> I will now try to figure out the source code that implements privilage
    > separation, and I will post any other questions I might have.


    --
    Darren Tucker (dtucker at zip.com.au)
    GPG key 8FF4FA69 / D9A3 86E9 7EEE AF4B B2D4 37C9 C982 80C7 8FF4 FA69
    Good judgement comes with experience. Unfortunately, the experience
    usually comes from bad judgement.
    _______________________________________________
    openssh-unix-dev mailing list
    openssh-unix-dev@mindrot.org
    https://lists.mindrot.org/mailman/li...enssh-unix-dev


  5. Re: Processes and mmap

    > > 1) Why is the shared address space "back" necessary?
    >
    > For handling things like the zlib compression state. This state
    > includes things like compression dictionaries that are needed to
    > decompress the data from the client, and their content changes over time.
    >
    > Since zlib compression can be negotiated before the connection is
    > authenticated, it means that the compression state has to be available
    > to both the preauth and post-auth privsep slaves.


    I understand that there are things that need to remain between the slaves. I
    do not understand why mm is not sufficient by itself.

    > > 2) What does mm_share_sync do?

    >
    > The shared memory allocator keeps accounting records of its allocations.
    > For the most part these are held in normal dynamically allocated memory.
    >
    > When the first privsep process exits, it copies these accounting records
    > to the shared memory area in a format that the new (post-auth) privsep
    > process can unpack and use to continue managing the shared memory area.


    I'm sorry, I still don't get it. So shared memory is kept in mm. mm itself was
    created by the monitor process, so nothing in there goes away when the first
    privsep slave exits. Why can't the monitor just pass mm back to the second
    slave?

    Also, if mm_share_sync copies shared memory allocator metadata, where does it
    copy it to?

    > > 3) What is the difference between mm using libc's malloc, as opposed to
    > > mm using back which itself uses libc's malloc?

    >
    > I'm not sure I follow this question. If you allocate memory from "back"
    > the memory you allocated is in the shared memory area. The information
    > about the allocation (the metadata) is in non-shared memory, and this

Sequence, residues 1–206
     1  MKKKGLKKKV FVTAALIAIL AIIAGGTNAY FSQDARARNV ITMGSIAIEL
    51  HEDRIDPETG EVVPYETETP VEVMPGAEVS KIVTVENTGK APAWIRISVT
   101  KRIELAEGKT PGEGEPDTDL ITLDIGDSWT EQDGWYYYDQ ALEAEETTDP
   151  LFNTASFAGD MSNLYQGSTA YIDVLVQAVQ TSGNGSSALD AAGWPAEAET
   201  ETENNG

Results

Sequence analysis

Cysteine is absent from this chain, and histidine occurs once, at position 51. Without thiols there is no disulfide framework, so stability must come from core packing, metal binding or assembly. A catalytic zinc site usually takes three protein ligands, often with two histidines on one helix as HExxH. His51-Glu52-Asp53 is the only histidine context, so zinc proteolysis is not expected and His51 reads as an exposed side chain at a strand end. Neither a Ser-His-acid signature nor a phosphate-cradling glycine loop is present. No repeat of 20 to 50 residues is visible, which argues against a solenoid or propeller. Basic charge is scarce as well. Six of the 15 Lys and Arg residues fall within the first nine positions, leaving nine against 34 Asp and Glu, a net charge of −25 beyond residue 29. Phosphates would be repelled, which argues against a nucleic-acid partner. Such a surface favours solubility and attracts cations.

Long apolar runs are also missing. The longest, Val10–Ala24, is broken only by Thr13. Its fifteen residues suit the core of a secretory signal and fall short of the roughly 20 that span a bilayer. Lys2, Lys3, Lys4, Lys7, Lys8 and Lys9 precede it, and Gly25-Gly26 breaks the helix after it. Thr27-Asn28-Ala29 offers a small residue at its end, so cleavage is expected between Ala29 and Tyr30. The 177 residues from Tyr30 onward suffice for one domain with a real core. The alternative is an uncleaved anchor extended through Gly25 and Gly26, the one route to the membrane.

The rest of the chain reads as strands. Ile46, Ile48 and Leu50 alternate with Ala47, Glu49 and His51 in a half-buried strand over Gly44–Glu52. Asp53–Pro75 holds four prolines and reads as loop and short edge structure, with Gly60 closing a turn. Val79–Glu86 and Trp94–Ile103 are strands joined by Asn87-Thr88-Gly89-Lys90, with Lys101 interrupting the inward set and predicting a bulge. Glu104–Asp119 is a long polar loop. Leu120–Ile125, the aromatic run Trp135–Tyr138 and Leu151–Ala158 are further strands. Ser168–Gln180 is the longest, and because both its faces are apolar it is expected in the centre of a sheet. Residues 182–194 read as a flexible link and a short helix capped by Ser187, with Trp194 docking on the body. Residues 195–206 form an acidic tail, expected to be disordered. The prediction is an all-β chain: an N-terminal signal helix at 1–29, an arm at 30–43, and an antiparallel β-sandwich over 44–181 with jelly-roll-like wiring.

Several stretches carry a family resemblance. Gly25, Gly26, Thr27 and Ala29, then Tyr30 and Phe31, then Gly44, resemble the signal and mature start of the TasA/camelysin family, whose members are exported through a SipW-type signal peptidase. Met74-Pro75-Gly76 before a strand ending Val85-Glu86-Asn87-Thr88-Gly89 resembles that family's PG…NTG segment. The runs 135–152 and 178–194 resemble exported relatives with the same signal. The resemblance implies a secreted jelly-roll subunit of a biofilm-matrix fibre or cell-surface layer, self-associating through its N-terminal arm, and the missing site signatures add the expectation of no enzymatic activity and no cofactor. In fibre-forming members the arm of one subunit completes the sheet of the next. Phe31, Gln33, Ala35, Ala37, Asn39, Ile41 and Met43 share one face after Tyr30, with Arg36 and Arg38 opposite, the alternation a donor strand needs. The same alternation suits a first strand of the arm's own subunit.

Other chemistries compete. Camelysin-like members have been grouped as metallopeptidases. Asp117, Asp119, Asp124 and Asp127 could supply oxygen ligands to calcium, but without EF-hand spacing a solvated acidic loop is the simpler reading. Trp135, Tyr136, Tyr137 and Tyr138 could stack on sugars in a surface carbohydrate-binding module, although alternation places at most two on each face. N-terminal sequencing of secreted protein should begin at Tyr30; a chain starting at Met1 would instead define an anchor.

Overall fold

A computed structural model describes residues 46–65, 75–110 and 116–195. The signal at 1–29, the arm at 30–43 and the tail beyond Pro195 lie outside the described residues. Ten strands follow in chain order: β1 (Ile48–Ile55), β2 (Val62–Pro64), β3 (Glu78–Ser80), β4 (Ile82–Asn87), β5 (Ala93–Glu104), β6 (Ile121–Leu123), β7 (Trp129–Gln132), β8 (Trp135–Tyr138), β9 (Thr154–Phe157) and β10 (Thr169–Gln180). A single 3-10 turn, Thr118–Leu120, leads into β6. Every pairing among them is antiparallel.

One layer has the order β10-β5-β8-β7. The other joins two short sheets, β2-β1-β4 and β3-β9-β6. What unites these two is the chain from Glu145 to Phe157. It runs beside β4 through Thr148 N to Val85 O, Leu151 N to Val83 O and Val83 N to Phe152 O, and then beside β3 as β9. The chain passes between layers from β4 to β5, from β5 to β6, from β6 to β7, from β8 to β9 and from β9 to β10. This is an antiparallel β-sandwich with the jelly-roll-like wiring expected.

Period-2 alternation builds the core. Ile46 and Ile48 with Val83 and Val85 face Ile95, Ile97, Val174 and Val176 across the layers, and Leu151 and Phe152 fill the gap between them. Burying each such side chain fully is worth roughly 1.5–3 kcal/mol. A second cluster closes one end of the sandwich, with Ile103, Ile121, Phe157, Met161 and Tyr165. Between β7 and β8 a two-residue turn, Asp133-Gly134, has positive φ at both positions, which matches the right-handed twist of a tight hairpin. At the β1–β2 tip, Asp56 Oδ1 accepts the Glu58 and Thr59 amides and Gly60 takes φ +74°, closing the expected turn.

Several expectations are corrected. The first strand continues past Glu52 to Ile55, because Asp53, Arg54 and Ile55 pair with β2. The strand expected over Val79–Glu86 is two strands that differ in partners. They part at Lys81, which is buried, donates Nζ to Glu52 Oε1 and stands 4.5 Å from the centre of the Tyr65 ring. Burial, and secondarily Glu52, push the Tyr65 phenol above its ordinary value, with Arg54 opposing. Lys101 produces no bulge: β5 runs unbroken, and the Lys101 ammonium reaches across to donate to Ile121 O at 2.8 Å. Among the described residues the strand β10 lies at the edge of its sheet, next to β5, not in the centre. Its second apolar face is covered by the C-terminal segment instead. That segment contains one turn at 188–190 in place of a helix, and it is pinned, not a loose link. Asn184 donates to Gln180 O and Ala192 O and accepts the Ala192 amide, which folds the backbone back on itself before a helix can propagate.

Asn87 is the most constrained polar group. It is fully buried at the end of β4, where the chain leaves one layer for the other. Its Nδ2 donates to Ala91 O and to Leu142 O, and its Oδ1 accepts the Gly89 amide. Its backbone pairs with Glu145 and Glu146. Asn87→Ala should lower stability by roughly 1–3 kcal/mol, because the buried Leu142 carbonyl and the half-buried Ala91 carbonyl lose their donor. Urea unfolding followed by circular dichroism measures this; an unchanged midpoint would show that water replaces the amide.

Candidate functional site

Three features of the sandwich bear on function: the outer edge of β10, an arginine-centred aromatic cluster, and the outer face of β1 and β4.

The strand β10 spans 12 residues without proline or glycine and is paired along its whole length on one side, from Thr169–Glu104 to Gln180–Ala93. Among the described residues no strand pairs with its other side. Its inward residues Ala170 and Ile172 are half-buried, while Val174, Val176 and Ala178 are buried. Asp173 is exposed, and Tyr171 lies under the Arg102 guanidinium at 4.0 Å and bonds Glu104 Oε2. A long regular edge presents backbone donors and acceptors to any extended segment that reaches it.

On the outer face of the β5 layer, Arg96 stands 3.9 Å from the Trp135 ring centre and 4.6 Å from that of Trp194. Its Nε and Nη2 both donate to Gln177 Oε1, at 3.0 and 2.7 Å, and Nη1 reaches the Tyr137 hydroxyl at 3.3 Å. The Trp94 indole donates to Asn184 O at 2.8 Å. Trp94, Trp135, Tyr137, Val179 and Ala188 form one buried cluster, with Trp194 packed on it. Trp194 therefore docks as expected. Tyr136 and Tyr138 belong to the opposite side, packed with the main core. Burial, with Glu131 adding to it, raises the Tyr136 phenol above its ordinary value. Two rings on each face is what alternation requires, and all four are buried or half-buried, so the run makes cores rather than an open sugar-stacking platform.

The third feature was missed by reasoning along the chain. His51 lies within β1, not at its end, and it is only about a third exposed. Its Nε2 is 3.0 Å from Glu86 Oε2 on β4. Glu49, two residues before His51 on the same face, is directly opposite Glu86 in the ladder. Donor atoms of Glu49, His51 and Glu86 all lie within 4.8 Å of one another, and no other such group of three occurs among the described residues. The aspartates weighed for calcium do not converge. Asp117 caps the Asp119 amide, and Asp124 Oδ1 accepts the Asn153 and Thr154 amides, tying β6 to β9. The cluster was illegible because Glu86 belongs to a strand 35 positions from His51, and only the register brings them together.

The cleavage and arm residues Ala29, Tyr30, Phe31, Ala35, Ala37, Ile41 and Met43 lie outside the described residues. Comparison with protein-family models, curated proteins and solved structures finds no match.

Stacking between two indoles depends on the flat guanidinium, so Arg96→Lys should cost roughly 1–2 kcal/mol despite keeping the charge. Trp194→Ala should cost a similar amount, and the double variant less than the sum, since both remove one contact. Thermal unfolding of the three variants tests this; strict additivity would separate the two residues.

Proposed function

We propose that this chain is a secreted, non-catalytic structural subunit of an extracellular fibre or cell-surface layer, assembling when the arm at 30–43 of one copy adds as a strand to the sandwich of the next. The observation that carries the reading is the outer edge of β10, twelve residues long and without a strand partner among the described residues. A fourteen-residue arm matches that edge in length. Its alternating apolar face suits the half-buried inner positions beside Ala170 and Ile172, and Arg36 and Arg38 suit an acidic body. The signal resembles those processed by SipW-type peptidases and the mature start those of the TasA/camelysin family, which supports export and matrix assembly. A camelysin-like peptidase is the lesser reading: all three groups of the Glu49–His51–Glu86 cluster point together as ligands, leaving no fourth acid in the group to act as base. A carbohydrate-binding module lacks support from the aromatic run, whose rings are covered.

> metadata is what is copied by mm_share_sync.


    This question directly addresses the paragraph I pointed to in my last e-mail.
    You say "If you allocate memory from 'back' the memory you allocated is in
    the shared memory area." Is this not true of 'mm' too?

    To paraphrase my question, why do we use mm_share_sync to save back's metadata
    (which holds mm's metadata), as opposed to using mm_share_sync to save mm's
    metadata directly and not having back at all?

    Thanks again.

    Georgi

    _______________________________________________
    openssh-unix-dev mailing list
    openssh-unix-dev@mindrot.org
    https://lists.mindrot.org/mailman/li...enssh-unix-dev

    -----BEGIN PGP SIGNATURE-----
    Version: GnuPG v2.0.9 (GNU/Linux)

    iEYEABECAAYFAkhtWmoACgkQMFAGrRS91BulgACbBZZAE+zk2V/bVOAhie77M+3D
    Yf8Ani4Qg/zNrmuyNSHJ6F6tT408nb8R
    =Zlyz
    -----END PGP SIGNATURE-----


  6. Re: Processes and mmap

    Hello again,

    I have noticed that when a connection is made to the main sshd process, it
    first forks, and then execv()s itself, thur restarting itself completely.
    What is the reason for the execv()?

    My other concern is that I would like to have some global state inherited from
    the main sshd process to all forked processes, which is however sensitive
    data. Is it safe to pass it as a command-line argument during the execv()
    call?

    Thanks.

    _______________________________________________
    openssh-unix-dev mailing list
    openssh-unix-dev@mindrot.org
    https://lists.mindrot.org/mailman/li...enssh-unix-dev

    -----BEGIN PGP SIGNATURE-----
    Version: GnuPG v2.0.9 (GNU/Linux)

    iEYEABECAAYFAkhtbiwACgkQMFAGrRS91BvpygCgq85Ftp5vDr De+f6N5g14D5GU
    FWwAoKhAQ0+FmEJWZs1dSw0KB/1PQq5c
    =82/2
    -----END PGP SIGNATURE-----


  7. Re: Processes and mmap

    Georgi Chulkov wrote:
    > Hello again,
    >
    > I have noticed that when a connection is made to the main sshd process, it
    > first forks, and then execv()s itself, thur restarting itself completely.
    > What is the reason for the execv()?


    Some security measures, in particular address space layout
    randomization, are only applied at exec time. Doing this means that
    each connection gets a unique layout rather than a clone of the original
    sshd. See:

    http://www.openbsd.org/papers/openss...bsdcon2007.pdf
    http://www.openbsd.org/papers/ven05-deraadt/index.html

    > My other concern is that I would like to have some global state inherited from
    > the main sshd process to all forked processes, which is however sensitive
    > data. Is it safe to pass it as a command-line argument during the execv()
    > call?


    No, command line arguments are visible to all users on many systems.
    See sshd.c:send_rexec_state() for how sshd sends some state to the new
    copy (via a pipe).

    --
    Darren Tucker (dtucker at zip.com.au)
    GPG key 8FF4FA69 / D9A3 86E9 7EEE AF4B B2D4 37C9 C982 80C7 8FF4 FA69
    Good judgement comes with experience. Unfortunately, the experience
    usually comes from bad judgement.
    _______________________________________________
    openssh-unix-dev mailing list
    openssh-unix-dev@mindrot.org
    https://lists.mindrot.org/mailman/li...enssh-unix-dev


+ Reply to Thread